Liabilities Assumed by Assuming Bank. Subject to Sections 2.5 and 4.8, the Assuming Bank expressly assumes at Book Value (subject to adjustment pursuant to Article VIII) and agrees to pay, perform, and discharge, all of the liabilities of the Failed Bank which are reflected on the Books and Records of the Failed Bank as of Bank Closing, including the Assumed Deposits and all liabilities associated with any and all employee benefit plans, except as listed on the attached Schedule 2.1, and as otherwise provided in this Agreement (such liabilities referred to as “Liabilities Assumed”). Notwithstanding Section 4.8, the Assuming Bank specifically assumes all mortgage servicing rights and obligations of the Failed Bank.
A colleague of mine took a look at the P&S agreement and some of the filings last summer. He’s normally understated, so for him to get this exercised is a sign of how barmy the JP Morgan argument is. From his e-mail (and note that the indents in his message is where he is citing the FDIC’s filing. Emphasis his):
I went to dinner with some Wall Street lawyers last week and they talked at length about how the new regulations create so much uncertainty in the mortgage market (such as the “qualified mortgage” definition) and this is preventing the mortgage and securitization markets from recovering. In reality, the biggest obstacle to the mortgage securitization market recovering is the tremendous uncertainty created for investors by MBS litigation – investors have no idea what they are on the hook for and how much it will cost to enforce their rights. BS litigation like what JPM is arguing in this WaMu case is a big cause of this litigation uncertainty. WaMu signed up for a bunch of deals and JPM signed up to succeed them, and now JPM is trying to weasel out of it with stupid legal arguments (though argued by expensive attorneys) whose only purpose seems to be to delay the obligation that is clearly JPM’s.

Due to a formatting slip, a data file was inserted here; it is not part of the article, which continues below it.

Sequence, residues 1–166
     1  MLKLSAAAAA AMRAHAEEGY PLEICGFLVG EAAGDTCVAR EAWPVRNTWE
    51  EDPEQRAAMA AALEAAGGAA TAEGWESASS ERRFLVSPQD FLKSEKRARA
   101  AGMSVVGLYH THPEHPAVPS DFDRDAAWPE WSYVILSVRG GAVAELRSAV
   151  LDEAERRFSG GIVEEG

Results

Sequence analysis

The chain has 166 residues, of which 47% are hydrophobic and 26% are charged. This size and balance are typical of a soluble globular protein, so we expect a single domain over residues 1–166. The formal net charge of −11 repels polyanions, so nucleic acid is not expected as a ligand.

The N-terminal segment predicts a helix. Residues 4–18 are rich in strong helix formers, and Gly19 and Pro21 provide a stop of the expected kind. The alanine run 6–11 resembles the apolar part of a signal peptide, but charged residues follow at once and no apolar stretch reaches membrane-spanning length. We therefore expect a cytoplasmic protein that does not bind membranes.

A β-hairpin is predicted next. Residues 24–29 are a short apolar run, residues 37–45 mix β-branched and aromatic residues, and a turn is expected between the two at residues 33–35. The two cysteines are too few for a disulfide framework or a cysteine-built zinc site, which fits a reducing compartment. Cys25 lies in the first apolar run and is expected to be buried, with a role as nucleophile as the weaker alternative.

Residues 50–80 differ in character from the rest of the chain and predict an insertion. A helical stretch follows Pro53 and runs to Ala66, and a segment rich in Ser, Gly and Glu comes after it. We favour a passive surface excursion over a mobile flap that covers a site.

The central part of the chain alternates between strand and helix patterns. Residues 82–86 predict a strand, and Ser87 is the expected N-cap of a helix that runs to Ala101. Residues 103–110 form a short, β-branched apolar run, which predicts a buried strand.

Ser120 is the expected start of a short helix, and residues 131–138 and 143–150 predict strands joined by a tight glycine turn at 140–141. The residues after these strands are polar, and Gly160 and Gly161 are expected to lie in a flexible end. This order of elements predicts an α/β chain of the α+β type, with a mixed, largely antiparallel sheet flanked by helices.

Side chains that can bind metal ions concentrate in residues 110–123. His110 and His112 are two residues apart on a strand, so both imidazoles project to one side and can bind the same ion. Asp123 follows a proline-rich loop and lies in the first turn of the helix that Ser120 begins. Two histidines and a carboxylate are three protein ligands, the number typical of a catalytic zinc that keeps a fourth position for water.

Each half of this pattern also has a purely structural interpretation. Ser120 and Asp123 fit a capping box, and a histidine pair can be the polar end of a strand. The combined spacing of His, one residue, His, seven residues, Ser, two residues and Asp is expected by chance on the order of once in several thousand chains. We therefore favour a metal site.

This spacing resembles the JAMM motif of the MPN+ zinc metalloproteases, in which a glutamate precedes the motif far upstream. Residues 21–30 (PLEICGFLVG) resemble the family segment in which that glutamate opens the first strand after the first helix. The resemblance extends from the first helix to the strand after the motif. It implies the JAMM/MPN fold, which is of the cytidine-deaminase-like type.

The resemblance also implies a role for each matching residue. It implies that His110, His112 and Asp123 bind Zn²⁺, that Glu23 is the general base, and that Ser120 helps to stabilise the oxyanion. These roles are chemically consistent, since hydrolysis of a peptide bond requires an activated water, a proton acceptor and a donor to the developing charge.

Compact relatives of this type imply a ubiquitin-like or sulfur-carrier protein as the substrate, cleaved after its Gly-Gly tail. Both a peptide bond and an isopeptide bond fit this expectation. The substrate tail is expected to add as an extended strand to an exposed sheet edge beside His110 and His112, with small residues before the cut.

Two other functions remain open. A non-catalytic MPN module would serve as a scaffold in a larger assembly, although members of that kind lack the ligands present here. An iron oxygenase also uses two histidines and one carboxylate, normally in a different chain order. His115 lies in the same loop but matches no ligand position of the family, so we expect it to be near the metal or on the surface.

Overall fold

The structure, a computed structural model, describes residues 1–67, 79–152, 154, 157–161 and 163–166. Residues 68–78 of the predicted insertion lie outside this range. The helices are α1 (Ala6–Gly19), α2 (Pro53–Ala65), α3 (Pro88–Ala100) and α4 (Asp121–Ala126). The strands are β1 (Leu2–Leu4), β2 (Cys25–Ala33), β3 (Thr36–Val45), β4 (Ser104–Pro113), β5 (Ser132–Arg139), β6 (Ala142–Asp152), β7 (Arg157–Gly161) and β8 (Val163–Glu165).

In my view, this case is another piece of evidence that bitching and moaning about onerous regulations by the banks is just a smokescreen to cover their own damaging and irresponsible behavior.

It’s really outrageous that JPM is arguing, on one hand, that it is entitled to a one-sided sweetheart deal from the FDIC with WaMu, while complaining, on the other hand, that government regulations are strangling the mortgage market.